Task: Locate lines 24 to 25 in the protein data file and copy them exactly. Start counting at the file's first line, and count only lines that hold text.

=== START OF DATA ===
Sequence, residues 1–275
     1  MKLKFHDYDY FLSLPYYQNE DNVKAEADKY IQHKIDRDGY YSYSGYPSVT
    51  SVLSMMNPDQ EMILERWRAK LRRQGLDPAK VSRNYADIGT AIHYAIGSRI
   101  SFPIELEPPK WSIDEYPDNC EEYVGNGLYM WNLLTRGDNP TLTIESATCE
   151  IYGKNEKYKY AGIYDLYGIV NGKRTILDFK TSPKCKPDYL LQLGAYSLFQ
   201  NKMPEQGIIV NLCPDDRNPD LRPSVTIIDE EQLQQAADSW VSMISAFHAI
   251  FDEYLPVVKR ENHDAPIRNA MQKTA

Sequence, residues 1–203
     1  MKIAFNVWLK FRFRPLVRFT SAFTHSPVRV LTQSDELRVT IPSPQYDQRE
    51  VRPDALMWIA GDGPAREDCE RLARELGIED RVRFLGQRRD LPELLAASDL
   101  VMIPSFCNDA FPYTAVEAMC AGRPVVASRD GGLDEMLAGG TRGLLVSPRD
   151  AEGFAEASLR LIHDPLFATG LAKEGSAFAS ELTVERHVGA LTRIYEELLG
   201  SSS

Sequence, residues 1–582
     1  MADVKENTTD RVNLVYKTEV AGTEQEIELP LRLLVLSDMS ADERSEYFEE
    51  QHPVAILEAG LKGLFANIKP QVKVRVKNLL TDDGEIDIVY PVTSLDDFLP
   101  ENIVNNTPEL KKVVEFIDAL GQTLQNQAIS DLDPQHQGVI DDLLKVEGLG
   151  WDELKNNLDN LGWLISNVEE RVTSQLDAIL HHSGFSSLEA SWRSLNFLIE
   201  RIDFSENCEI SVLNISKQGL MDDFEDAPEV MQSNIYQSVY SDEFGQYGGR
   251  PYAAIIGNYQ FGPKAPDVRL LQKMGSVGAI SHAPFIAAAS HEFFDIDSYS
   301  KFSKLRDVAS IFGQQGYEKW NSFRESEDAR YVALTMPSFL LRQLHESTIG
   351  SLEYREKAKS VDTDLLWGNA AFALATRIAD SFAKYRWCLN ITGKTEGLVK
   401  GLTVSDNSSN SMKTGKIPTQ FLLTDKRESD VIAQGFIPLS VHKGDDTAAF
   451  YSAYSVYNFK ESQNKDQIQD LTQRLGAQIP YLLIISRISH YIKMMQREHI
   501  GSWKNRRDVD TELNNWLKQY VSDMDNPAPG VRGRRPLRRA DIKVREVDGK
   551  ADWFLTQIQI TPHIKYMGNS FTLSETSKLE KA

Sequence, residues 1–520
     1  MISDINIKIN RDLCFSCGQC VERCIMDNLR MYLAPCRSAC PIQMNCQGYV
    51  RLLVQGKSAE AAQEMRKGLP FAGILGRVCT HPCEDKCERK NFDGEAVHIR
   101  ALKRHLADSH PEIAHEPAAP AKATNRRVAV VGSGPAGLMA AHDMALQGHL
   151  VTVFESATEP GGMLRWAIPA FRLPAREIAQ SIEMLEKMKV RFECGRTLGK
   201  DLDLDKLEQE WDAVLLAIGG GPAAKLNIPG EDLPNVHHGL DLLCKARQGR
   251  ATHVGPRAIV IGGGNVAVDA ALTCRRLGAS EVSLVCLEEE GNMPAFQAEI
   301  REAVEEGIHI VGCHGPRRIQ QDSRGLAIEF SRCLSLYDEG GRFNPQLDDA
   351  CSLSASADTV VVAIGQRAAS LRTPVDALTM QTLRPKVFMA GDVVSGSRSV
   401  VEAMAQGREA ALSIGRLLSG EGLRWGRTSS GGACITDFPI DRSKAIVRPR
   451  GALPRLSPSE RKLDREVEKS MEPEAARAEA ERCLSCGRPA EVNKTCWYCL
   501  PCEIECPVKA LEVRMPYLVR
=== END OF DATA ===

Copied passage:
   451  YSAYSVYNFK ESQNKDQIQD LTQRLGAQIP YLLIISRISH YIKMMQREHI
   501  GSWKNRRDVD TELNNWLKQY VSDMDNPAPG VRGRRPLRRA DIKVREVDGK